I mean, how could anyone consider this to be racist?
Two words making a generalization about a person’s race in the context of criticism of that person? No. John Taylor is definitely not a racist.
Using the clichéed phrase “Typical x” historically used by racists to dismiss ‘lesser’ races? No. Definitely not a racist.
Here’s John Taylor defending himself:
Mr Taylor later tweeted: “I am certainly no racist and in particular have an admiration for Indians. A member of the British/Indian APPG, only yesterday I had a reply from 10 Downing St asking for a relaxation of visas for Indians.
So what was your point, John?
My point was that the PM had upset Unionists more than Irish PMs had!
Oh. So your point was that this Irish PM, who happens to have an Indian dad, was uniquely upsetting compared to past Irish PMs, who didn’t have Indian dads, and in your opinion he is a “typical Indian”, but that’s not because you’re racist, because, after all, you have said that you’re not a racist…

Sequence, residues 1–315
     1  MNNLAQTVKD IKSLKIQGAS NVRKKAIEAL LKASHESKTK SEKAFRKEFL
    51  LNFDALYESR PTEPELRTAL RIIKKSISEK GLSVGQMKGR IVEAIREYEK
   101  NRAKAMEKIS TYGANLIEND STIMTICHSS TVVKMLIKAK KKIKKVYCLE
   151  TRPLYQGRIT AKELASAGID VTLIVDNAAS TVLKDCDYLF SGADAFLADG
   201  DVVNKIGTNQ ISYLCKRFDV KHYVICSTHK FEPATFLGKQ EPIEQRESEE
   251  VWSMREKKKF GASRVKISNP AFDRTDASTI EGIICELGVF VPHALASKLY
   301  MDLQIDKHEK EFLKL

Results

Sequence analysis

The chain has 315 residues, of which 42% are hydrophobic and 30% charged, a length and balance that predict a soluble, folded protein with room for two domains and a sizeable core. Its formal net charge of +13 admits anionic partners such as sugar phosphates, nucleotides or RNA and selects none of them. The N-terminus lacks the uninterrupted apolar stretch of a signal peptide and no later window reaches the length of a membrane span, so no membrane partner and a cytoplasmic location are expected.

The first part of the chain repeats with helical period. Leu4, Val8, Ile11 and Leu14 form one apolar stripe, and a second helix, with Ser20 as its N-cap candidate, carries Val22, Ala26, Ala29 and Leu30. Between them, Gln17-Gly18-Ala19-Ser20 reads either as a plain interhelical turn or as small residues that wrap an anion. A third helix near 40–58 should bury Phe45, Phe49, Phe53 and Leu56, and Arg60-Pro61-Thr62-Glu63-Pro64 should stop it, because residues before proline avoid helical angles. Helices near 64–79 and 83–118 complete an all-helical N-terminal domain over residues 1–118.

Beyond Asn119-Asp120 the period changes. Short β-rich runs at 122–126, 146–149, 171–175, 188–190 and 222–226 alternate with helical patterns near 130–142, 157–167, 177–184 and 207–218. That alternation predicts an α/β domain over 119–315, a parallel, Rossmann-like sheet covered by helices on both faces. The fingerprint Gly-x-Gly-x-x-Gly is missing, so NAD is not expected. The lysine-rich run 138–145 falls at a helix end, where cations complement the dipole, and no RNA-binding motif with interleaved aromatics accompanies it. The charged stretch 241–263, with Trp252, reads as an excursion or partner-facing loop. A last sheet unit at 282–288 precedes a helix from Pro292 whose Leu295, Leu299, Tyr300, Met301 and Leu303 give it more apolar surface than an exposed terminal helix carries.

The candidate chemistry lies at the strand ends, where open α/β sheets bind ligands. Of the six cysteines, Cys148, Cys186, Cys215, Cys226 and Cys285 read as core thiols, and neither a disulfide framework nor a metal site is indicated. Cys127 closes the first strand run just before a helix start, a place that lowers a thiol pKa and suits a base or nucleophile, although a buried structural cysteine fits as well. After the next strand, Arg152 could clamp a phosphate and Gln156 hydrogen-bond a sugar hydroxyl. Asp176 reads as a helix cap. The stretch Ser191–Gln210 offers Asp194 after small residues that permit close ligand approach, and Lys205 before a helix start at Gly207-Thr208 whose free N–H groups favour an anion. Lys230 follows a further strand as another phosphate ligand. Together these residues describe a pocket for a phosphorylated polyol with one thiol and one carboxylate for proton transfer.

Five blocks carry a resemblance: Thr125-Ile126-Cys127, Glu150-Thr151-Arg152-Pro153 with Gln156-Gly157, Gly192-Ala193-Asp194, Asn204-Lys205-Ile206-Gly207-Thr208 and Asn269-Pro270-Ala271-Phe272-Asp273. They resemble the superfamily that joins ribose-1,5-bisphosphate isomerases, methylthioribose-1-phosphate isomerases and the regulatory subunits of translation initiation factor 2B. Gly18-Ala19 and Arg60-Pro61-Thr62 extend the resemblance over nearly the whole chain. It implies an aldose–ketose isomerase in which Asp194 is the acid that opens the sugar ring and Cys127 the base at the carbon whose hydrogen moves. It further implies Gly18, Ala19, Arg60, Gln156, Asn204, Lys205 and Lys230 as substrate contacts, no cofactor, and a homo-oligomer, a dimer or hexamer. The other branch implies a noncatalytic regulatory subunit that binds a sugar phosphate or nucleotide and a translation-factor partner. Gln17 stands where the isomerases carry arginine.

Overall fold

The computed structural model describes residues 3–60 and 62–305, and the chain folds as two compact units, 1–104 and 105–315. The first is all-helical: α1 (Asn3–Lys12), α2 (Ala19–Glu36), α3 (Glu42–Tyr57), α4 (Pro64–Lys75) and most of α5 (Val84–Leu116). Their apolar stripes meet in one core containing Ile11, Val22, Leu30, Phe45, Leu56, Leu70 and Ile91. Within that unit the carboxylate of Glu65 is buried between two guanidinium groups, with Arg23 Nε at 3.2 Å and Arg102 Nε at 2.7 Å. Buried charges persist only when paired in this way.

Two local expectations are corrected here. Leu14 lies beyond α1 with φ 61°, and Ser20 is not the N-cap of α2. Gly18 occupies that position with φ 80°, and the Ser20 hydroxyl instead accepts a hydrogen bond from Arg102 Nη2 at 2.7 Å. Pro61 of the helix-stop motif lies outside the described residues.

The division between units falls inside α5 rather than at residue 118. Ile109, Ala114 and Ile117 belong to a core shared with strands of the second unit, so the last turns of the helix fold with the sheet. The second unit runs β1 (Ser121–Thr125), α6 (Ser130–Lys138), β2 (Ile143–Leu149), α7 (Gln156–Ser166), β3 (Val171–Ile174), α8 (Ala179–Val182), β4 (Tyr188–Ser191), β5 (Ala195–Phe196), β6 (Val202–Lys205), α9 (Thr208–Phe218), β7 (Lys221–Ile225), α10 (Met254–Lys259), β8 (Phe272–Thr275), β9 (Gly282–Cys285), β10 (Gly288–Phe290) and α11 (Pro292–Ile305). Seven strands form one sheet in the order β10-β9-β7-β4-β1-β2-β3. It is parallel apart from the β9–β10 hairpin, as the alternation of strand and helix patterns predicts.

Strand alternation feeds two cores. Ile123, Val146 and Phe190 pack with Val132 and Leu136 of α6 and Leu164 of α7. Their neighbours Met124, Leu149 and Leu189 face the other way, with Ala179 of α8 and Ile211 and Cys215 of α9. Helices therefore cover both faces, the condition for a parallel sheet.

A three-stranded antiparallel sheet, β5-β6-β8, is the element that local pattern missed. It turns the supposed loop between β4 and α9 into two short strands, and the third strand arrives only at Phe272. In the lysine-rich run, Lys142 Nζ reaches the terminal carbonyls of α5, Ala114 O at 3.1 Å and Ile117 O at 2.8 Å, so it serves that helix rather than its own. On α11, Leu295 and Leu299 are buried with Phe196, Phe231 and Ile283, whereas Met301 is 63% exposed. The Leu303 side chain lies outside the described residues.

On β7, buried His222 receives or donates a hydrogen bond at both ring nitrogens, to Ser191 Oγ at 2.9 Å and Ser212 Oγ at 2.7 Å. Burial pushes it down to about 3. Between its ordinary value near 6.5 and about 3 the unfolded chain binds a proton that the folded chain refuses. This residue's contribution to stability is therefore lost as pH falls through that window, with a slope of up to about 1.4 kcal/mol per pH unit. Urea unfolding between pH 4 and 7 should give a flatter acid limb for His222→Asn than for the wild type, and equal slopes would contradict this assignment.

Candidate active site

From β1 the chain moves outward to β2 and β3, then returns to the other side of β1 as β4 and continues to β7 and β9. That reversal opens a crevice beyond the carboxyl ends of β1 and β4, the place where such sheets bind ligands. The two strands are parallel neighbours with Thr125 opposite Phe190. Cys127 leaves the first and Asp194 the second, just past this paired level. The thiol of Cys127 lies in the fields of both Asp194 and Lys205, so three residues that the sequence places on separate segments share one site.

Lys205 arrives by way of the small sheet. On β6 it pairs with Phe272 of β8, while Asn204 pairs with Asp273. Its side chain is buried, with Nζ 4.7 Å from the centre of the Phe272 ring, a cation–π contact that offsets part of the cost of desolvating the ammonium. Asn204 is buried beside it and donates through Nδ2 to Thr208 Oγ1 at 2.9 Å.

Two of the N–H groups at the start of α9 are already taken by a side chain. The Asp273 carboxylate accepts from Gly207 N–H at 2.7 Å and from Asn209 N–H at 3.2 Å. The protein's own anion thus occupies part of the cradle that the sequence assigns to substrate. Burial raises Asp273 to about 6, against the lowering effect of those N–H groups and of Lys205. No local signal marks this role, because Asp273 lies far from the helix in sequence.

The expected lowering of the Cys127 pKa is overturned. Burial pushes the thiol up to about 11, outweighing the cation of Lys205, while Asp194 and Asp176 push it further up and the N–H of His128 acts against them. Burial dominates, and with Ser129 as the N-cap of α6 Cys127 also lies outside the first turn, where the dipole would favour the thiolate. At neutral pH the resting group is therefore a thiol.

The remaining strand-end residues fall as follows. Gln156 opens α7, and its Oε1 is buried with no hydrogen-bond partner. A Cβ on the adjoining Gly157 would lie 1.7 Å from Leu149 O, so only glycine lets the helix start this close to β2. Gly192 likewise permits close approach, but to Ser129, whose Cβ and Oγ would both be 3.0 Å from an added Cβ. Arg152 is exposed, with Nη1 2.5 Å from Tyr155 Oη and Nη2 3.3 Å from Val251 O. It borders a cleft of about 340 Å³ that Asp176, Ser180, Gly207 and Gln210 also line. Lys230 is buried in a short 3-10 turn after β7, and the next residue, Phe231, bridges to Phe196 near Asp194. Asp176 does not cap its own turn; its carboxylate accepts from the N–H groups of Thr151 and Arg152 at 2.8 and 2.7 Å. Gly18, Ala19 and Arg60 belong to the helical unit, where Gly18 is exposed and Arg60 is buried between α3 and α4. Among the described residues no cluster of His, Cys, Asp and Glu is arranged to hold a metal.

I’m sorry, John, what was your point?!?
I guess it’s like the time in 2017 John Taylor referred to the Irish PM as “the Indian” and that wasn’t racist either:
Or the time John Taylor complained that Moeen Ali, the English cricketer born and raised in England who plays for England, was, er, not English (incurring the wrath of none other than Piers Morgan). That wasn’t racist either.
Oh shut up you racist old dinosaur. Moeen Ali’s more English than I am, and I was born in Guildford. https://t.co/LkeqjHLN7w
— Piers Morgan (@piersmorgan) December 31, 2017
Or the various times John Taylor implied that Northern Irish Catholics were “not equal” or had impressed him with their “development”. No racist or bigoted undertones there at all.
Hmm, good to know that John Taylor is not a racist then.
Well, not a typical racist, I mean.
Brian Hughes is an academic psychologist and university professor in Galway, Ireland, specialising in stress, health, and the application of psychology to social issues. He writes widely on the psychology of empiricism and of empirically disputable claims, especially as they pertain to science, health, medicine, and politics.